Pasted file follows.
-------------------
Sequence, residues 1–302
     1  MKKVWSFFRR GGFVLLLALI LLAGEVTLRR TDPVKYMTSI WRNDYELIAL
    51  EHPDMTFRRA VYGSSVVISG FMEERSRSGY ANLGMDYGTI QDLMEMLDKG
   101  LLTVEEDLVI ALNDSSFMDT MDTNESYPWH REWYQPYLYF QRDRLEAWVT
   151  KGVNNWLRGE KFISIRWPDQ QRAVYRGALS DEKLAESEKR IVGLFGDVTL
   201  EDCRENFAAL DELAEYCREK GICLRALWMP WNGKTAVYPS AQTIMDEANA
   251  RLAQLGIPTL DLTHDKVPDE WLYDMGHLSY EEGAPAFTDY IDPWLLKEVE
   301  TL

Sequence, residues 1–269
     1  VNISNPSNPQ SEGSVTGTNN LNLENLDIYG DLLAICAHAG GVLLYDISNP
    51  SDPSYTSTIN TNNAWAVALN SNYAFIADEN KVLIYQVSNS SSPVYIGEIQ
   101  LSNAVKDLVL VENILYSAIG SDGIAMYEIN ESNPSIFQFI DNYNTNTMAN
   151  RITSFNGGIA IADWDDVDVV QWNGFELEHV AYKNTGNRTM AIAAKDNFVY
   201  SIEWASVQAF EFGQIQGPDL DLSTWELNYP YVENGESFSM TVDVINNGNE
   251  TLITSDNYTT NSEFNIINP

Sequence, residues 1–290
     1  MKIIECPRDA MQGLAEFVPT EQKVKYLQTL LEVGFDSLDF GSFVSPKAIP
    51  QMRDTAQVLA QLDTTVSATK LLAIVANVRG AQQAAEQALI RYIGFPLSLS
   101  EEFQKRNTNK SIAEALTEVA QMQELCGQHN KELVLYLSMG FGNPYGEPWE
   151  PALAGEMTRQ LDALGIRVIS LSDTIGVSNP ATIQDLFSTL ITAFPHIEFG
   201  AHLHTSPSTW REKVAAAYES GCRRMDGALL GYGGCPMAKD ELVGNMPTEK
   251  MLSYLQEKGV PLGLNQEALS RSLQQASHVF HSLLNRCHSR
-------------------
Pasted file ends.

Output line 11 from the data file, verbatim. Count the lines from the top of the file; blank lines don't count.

    51  SDPSYTSTIN TNNAWAVALN SNYAFIADEN KVLIYQVSNS SSPVYIGEIQ